The Government backs good quality supported housing

  1. It is indeed encouraging to note that our Government seems firmly committed to ensuring that supported housing delivers what it should do - a better life outcome and improved wellbeing and health for the vulnerable people who find themselves in need of this vital type of housing in the UK.

  2. In a House of Commons debate in March this year, we were assured by Parliamentary Under-Secretary of State for Housing and Rough Sleeping in the UK, Eddie Hughes, MP, that the Government have pledged to invest £11.5 billion in affordable homes programmes which includes new supported housing for older, disabled and other vulnerable people.

  3. In the same debate, rogue landlords were warned that their days are numbered and the Government is determined to crack down on landlords who charge high rents for poor quality accommodation with little or no support. The Government intends to bring forward measures to put an end to unscrupulous landlords who care only about lining their pockets whilst exploiting the needs of some of the most vulnerable in our society.

  4. To be clear however, those who are providing a good quality service are not the target. Quality will rise to the top and, whatever changes may be made, we would not expect providers who are already maintaining their schemes to the required standard to be penalised as their service to this housing sector is absolutely vital to the Government.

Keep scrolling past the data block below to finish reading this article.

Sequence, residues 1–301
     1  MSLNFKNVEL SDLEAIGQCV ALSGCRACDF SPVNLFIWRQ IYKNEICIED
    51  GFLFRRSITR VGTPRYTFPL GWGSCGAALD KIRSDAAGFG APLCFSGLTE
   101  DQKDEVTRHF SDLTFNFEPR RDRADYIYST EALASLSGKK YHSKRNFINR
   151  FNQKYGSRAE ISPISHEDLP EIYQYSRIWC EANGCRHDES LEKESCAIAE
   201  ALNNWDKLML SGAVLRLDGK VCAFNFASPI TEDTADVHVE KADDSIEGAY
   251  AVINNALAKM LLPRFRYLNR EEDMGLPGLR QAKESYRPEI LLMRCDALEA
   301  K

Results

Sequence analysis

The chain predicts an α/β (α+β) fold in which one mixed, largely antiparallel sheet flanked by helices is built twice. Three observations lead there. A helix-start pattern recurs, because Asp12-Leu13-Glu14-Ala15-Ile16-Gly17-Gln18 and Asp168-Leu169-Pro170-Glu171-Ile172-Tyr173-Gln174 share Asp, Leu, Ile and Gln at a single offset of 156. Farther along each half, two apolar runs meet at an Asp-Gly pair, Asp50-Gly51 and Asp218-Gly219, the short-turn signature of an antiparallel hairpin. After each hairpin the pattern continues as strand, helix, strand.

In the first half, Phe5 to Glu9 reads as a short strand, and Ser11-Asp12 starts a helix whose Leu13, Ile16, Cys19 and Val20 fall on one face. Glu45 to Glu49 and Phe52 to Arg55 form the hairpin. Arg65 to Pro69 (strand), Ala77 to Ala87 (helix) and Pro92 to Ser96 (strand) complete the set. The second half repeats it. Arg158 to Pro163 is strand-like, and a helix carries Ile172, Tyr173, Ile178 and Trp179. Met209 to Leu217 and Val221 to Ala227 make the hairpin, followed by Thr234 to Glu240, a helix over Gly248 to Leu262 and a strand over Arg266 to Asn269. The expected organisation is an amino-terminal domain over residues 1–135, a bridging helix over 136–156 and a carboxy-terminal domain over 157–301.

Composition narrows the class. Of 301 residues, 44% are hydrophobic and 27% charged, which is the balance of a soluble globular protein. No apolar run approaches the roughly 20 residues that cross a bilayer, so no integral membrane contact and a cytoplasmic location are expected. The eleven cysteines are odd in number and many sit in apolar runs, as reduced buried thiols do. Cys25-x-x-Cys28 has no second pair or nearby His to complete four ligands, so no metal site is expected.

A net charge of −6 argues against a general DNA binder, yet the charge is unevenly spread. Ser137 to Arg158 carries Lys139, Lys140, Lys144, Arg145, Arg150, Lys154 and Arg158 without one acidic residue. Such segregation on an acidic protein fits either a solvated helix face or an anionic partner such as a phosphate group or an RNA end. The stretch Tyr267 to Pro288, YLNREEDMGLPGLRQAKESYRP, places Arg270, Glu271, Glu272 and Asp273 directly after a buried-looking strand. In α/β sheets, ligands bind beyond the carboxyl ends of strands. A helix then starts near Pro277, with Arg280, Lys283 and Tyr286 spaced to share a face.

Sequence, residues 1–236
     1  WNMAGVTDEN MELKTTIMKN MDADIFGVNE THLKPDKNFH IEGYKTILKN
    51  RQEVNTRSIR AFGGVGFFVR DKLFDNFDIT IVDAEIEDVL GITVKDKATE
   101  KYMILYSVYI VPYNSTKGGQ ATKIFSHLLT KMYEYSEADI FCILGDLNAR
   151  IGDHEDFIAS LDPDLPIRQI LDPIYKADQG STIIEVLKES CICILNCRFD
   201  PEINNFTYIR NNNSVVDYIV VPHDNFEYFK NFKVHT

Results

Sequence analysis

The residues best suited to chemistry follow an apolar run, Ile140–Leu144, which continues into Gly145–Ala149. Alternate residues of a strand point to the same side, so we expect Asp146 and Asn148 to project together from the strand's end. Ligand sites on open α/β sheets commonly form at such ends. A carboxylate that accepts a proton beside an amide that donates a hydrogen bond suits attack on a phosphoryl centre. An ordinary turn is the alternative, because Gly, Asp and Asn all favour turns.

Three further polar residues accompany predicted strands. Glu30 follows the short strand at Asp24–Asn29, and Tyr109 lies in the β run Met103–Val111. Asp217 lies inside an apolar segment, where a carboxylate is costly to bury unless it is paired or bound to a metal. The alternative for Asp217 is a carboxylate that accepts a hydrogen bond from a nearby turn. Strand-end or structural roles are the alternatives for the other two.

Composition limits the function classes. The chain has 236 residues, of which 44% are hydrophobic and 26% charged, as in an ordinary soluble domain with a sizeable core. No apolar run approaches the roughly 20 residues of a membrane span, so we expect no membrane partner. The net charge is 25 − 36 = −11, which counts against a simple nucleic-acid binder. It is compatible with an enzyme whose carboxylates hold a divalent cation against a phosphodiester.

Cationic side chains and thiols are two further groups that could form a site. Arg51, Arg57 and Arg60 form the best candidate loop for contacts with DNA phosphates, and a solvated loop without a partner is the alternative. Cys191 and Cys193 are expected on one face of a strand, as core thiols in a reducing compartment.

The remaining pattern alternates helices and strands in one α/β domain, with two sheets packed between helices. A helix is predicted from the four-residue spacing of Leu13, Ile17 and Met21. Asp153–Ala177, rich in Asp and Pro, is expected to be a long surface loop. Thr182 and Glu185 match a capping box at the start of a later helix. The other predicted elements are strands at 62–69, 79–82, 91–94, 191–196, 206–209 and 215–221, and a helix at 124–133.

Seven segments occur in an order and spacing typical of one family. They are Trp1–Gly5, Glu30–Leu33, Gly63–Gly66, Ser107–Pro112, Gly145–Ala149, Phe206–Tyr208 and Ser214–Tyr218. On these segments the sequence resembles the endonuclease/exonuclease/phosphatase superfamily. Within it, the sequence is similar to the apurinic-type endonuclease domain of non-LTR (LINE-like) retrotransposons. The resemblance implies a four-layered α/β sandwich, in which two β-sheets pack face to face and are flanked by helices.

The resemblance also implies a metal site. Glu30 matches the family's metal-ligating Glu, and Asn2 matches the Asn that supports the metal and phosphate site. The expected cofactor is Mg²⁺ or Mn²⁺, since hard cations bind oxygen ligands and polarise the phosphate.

Measures to be brought forward

  1. In seeking to maintain a high standard of good quality supported housing, the Government intends to progress the following measures:

(a) To clarify the minimum standards that are required for the support provided to residents so that they can live in their accommodation as independently as possible and achieve their personal goals;

(b) New powers for local authorities in England will be introduced to help them to manage their local supported housing market and flush out rogue providers;

(c) Changes to Housing Benefit regulations will be considered with a view to better defining care, support and supervision which, in turn, will help to improve the quality and value for money of specified supported housing provision;

(d) When parliamentary time allows, new measures will be introduced which require legislation; and

(e) To work closely with local government, sector representatives, providers and people with experience of supported housing as they develop these measures to ensure that they are fit for purpose and that they can be delivered in actuality to the long-term benefit of this housing sector where good quality supported housing is so needed.

Further funding promised

  1. In addition to the above, at the same debate, Eddie Hughes also announced that the Government will be providing £20 million for a supported housing improvement programme. This funding will last for a period of 3 years and will be open to bids from all local authorities and build on the success of the supported housing pilots undertaken during 2020 and 2021. It is interesting to note Mr Hughes summary of these pilots:

The pilot authorities were able to drive up the quality of accommodation and support to residents. They also improved value for money through enhanced scrutiny of housing benefit claims to verify that costs were legitimate and reasonable.

  1. This supported housing improvement programme is intended to assist with driving up the quality of this housing sector in some of the worst affected areas in the first instance. Meanwhile, the Government will develop and implement longer-term regulatory changes.

Final remarks

  1. This package of proposed measures is intended to ‘tackle poor quality and poor value for money in supported housing and improve outcomes for individuals, while preserving good quality provision run by responsible providers

(Eddie Hughes - commons/2022-03-17/debates/22031756000007/HousingUpdate)

  1. Only time will tell if these measures will fulfil their purpose.

MR Associates - October 2022